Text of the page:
FBI Agent Calls Padilla Evasive

The Associated Press
Thursday, July 12, 2007; 4:57 PM

MIAMI -- Jose Padilla gave evasive or vague answers about his activities in the Middle East shortly after arriving at Chicago's O'Hare International Airport in May 2002, an FBI agent testified Thursday at his trial on a charge of supporting terrorism.

Padilla did not remember the address or telephone number for his wife and children in Egypt, or the last name of his roommate, agent Russell Fincher said.

In contrast, Padilla remembered many details of his life growing up in Chicago, including specific streets where his family lived, Fincher said. He also was carrying documents with other personal information such as his old address in Davie, Fla.

"He had the ability to recall and remember details over a long period of time," Fincher testified in the terrorism support trial of Padilla and two co-defendants. "The absence of that detail regarding questions of substance led me to believe Mr. Padilla was being evasive about his travels overseas."

Padilla, initially suspected of plotting to detonate a radioactive "dirty bomb" in the U.S., was arrested after that FBI interview on a material witness warrant and declared an enemy combatant by President Bush a month later. Padilla, a 36-year-old U.S. citizen, was held in a Navy brig without criminal charge until he was added to the Miami case in late 2005.

The jury, however, heard none of this history, except to learn that Padilla was arrested after arriving in Chicago on a direct flight from Switzerland. The "dirty bomb" allegations and Padilla's history as an enemy combatant are being kept out of the Miami case.

Padilla, a Muslim convert, moved from Florida to Egypt in 1998, allegedly after he was recruited for Islamic extremist causes by co-defendant Adham Amin Hassoun. Fincher testified Thursday that Padilla admitted in the 2002 FBI interview that he had lived in Egypt, but couldn't remember the address or the last name of his roommate, Mohamed.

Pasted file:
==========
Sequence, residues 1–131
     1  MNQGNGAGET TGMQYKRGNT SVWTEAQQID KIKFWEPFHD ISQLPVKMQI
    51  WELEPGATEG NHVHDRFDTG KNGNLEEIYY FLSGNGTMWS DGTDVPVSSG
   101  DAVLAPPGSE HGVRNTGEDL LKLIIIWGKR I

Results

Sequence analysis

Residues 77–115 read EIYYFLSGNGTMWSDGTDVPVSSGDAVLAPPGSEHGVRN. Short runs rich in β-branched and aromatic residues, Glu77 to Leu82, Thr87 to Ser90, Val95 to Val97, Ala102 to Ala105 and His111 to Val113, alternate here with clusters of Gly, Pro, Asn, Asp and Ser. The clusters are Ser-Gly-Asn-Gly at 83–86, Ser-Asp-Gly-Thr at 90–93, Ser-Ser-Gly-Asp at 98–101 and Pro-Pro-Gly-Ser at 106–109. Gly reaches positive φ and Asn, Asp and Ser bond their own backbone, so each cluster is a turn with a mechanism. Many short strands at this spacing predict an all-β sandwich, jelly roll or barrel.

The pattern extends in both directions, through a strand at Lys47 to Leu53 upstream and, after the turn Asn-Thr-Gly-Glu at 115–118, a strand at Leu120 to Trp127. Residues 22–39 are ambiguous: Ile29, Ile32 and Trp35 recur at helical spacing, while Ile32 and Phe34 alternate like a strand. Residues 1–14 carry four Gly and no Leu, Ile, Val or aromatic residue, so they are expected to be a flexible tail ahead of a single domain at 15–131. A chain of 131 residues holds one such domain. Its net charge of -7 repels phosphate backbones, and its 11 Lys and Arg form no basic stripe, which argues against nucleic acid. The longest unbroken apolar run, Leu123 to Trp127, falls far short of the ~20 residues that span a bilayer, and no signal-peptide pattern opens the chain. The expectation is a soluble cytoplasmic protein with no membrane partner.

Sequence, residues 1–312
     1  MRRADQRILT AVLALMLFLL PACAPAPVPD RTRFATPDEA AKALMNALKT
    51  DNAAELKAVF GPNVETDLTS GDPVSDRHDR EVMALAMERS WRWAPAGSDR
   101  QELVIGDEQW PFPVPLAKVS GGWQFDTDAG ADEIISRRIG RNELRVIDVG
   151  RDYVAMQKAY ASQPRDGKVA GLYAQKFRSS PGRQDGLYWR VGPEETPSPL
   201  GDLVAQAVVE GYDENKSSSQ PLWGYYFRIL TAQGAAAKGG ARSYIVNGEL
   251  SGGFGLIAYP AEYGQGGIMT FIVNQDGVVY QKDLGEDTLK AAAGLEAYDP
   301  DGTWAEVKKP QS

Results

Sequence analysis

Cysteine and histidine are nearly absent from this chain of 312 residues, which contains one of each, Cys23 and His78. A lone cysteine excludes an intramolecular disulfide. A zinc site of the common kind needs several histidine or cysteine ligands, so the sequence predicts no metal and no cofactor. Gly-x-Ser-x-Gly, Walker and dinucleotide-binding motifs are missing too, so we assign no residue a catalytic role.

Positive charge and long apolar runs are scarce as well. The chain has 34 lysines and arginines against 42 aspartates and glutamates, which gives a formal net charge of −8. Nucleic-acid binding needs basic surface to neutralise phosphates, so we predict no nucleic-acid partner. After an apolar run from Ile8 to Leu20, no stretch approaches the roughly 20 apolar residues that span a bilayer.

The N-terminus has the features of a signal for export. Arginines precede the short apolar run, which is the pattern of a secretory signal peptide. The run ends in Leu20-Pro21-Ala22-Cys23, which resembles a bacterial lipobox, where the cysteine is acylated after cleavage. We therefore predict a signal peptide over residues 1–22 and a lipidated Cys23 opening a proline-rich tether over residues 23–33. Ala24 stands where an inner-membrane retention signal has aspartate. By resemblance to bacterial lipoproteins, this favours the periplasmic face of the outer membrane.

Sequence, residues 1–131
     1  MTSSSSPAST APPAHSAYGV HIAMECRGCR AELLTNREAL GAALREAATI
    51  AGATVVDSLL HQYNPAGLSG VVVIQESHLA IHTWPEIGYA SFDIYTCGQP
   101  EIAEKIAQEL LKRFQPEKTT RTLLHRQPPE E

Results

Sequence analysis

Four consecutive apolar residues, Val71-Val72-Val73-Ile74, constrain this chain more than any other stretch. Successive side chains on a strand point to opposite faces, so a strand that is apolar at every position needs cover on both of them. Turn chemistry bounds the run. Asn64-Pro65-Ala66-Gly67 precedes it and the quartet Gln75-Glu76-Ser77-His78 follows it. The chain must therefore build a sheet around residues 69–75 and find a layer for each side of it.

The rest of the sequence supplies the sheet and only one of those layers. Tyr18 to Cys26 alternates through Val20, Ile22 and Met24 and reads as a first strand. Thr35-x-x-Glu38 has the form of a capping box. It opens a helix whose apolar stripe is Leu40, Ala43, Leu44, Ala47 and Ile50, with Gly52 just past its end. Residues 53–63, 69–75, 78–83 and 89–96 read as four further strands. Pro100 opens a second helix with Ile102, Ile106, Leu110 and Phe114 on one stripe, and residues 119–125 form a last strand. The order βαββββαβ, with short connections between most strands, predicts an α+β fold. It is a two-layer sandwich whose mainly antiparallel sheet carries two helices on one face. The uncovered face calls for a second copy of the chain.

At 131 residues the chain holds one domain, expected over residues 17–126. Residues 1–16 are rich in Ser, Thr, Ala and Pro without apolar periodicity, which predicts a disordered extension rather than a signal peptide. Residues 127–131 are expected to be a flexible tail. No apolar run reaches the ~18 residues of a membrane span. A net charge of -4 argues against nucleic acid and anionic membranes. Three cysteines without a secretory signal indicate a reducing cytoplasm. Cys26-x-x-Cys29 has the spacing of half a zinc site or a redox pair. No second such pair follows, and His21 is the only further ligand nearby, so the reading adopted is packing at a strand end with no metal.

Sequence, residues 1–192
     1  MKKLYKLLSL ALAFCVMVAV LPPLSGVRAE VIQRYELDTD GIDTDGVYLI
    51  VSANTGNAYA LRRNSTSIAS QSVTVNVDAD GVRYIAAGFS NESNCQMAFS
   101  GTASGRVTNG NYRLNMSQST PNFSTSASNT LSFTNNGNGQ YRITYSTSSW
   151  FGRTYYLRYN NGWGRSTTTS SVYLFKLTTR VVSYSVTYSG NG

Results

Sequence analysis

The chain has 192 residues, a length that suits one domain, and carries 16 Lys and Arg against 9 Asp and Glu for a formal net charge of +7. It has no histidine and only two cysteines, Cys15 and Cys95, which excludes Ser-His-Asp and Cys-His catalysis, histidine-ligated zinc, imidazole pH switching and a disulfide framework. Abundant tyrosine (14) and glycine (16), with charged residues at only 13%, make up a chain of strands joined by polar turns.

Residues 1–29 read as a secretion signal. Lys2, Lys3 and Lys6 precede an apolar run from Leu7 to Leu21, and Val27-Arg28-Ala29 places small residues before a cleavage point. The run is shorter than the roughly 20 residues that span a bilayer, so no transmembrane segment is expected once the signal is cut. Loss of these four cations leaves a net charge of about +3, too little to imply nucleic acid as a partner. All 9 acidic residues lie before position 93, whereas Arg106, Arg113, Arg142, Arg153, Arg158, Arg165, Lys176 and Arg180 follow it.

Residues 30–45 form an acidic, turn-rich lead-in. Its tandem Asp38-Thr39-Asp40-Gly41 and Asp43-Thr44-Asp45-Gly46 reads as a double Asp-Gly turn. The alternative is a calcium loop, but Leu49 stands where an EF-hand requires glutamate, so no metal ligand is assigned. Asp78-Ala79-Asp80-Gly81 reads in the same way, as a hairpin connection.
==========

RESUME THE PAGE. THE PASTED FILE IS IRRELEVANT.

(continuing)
Prosecutors contend that the roommate was Mohamed Youssef, another alleged terrorist recruit by the purported support cell that included Hassoun and the third defendant, Kifah Wael Jayyousi. Youssef was indicted in the Miami case but is in custody in Egypt and is not part of the trial.

In addition, Fincher said that although Padilla knew the names of his wife and two young sons in Egypt, he couldn't recall the address of their home in Cairo or their phone number. He remembered making a religious pilgrimage to Saudi Arabia known as the Hajj but could not remember the names of a Saudi and a Pakistani he met there.

"There was a diminishing level of completeness of answers," Fincher said.

Padilla admitted traveling to Pakistan and Saudi Arabia, but denied going to Yemen or Afghanistan. Prosecutors say Padilla went through Yemen to attend an al-Qaida training camp in Afghanistan, where he purportedly filled out a "mujahedeen data form" that is a key piece of evidence in the case.

Also Thursday, a Secret Service document analyst testified that the form attributed to Padilla was consistent with others recovered by the CIA in a binder in Afghanistan in December 2001. The forms appeared to be authentic and to have been copied from a single original on the same copying equipment, analyst Jerry LaPorte testified.

There were two types of ink and two different pens used to fill out the supposed Padilla form, he added. LaPorte testified he couldn't tell when the entries were completed, although the form bears a date of July 24, 2000.

Prosecutors expect to rest their case Friday, the end of the ninth week of testimony. Defense lawyers are scheduled to begin next week on their case, which will likely continue into August.

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